Mayor and Auckland Transport ‘Challenged’
At the Otara-Papatoetoe Local Board Long Term Plan ‘Have Your Say” session on Tuesday, the group was working its way through the topics and we got to the vexed question of transport.
I will cover the session more in-depth in another blog post but in this one I will look at the challenge I laid down to the Mayor and Auckland Transport (both were present).
First an article I have had sitting on the digital shelf since last year:
Train transfer a hassle for disabled
Last updated 05:00 18/12/2014: James Ireland
Getting around the city can be a battle at any time but it has just got much harder for Ezekiel Robson.
Now when the partially sighted disability advocate takes the train to work from Manurewa, he has to transfer from the Southern Line to an Eastern Line train at Puhinui Station so he can continue on to Sylvia Park.
And it’s even worse if he wants to get into Manukau central – then he has to take the train past the city centre, get off and backtrack on a south-bound train that heads to the station under the new Manukau Institute of Technology building.
He has no option but to take public transport or a taxi to his work all around the city so it’s just a reality he has to live with, he said.
But he expects all of that transferring will deter some people from using the trains.
“If we’re going to get people to use public transport, it has to be convenient. For most people public transport is a choice but for some of us it’s not and we need the service to be reliable.”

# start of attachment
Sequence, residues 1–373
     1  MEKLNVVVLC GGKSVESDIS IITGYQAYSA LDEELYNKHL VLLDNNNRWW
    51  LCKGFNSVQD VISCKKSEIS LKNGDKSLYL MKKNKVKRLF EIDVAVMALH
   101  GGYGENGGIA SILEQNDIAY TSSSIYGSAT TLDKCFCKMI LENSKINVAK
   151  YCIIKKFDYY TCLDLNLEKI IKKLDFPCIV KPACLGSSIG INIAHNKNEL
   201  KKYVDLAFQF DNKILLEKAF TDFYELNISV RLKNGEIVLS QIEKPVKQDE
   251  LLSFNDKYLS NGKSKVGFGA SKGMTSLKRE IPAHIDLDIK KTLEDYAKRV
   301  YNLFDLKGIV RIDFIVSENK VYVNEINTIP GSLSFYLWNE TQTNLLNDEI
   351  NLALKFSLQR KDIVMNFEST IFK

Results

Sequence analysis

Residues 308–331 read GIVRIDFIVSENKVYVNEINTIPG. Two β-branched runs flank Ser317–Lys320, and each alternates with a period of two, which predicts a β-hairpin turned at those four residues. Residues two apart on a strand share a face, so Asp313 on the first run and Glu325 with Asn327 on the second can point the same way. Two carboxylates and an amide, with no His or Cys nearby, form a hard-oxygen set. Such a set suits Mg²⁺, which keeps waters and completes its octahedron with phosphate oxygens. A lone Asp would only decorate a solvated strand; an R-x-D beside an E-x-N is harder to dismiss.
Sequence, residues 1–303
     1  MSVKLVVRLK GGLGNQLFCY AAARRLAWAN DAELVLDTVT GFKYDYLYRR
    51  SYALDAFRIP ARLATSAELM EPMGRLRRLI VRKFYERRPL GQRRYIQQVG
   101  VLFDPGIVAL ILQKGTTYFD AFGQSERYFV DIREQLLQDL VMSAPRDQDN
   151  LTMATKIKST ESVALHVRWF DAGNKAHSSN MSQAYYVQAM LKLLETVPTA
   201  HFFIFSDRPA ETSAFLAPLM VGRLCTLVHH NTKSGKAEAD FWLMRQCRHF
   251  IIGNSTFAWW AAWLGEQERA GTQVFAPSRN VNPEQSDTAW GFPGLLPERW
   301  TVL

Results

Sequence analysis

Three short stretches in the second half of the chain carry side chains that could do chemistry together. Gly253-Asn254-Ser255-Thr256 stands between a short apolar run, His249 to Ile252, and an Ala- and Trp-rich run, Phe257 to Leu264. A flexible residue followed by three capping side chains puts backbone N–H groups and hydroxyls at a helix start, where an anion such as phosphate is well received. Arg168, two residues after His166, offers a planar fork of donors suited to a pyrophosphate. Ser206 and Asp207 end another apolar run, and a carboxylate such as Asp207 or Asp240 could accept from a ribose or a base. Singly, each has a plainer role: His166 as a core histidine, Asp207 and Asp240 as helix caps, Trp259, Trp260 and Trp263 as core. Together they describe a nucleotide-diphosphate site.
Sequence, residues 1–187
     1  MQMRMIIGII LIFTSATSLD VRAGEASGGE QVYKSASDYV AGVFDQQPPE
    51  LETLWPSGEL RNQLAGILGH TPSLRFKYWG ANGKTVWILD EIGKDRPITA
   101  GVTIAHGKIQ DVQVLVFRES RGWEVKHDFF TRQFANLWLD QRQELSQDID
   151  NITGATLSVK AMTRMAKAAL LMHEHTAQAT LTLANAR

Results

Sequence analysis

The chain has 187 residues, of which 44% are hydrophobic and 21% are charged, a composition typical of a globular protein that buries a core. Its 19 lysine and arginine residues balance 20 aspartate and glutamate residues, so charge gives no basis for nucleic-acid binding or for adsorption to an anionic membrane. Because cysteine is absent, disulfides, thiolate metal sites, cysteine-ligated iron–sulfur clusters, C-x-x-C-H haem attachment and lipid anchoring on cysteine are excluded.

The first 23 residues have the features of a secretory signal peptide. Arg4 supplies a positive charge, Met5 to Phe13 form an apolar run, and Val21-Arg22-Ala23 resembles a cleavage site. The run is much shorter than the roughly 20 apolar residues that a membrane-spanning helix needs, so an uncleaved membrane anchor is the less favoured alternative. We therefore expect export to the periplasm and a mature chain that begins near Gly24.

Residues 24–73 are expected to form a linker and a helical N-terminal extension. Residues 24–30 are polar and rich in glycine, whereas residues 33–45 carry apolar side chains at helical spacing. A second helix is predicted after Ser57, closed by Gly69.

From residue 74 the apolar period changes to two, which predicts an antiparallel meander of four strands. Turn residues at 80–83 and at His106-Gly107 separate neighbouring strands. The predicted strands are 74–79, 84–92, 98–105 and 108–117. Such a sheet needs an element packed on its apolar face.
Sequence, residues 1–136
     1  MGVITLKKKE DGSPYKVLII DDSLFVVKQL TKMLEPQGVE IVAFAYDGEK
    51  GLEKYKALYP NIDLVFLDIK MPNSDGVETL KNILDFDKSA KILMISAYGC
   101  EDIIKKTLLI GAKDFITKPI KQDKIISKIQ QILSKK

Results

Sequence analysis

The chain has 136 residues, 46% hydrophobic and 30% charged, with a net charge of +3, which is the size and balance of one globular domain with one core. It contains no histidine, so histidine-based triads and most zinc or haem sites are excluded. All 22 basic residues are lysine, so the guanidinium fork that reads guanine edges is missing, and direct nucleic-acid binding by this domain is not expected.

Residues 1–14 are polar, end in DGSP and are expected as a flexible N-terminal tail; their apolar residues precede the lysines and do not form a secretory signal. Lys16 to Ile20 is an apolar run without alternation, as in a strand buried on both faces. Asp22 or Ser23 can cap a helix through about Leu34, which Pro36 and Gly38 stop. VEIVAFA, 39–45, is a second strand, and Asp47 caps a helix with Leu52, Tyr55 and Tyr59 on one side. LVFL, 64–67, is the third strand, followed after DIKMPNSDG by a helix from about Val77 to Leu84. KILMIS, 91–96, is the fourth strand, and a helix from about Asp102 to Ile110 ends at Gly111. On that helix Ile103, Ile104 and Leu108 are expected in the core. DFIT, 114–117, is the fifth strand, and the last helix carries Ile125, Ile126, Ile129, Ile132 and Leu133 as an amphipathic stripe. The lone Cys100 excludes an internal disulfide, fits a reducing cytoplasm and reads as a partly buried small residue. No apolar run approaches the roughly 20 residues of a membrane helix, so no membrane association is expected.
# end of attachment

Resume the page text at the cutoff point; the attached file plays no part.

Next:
The new electric trains mean services can run on the Southern and Eastern Lines more often but the extra capacity has also meant that from last week the Eastern Line can no longer merge with the Southern line south of Puhinui.
The new train station under the MIT building is now the Eastern Line’s south-bound end point. Before the change, the line ran all the way to Pukekohe.
Robson supports Auckland Council’s push to improve public transport but said it needs to be a system the public wants to use.
The Eastern and Southern Lines now have six trains an hour at peak times on each line, three trains hourly during the daytime inter-peak and half-hourly services at night and on the weekend.
Mayor Len Brown said only a small number of people will be affected by the Eastern Line changes, which are necessary to deal with the increasing frequency of trains.
“I suspect once we have all of the Eastern and Southern trains operating, some of those issues of the direction of the routes will be addressed.”
Brown said land heading south from the Manukau station has been set aside for extra lines in the future.
When we got to the Transport question the group was in favour for motorway tolling but only when the public transport network is fully complete, and would be used as a demand management tool. The group was also in favour when I told the Mayor and AT that I would like the Manukau Rail South Link built over the Christmas break and operational by MIT’s semester one next year.
That gave both the Mayor and Auckland Transport a jolt into hopefully some action with both nodding to the proposal. The Mayor did say it was a “quick” (and also relatively cheap ($5m) and easy to put through. The issue of Port of Auckland losing some rail head space at their Wiri Inland Port is compensated by extending it at the south end.
With Pasifika also being housed in Manukau’s Hayman Park this year (hopefully something that can be permanent too) and a large proportion of the Pacific community living in South Auckland the importance of that South Link is now amplified.
I will keep the pressure on the Council and AT to have that South Link built as fast as possible. The Link itself at 20 minute frequencies all day gives the trip from Papakura to Manukau 14 minutes compared to 32min by bus on the Great South Road, 25 minutes using the existing transfer arrangements at Puhinui.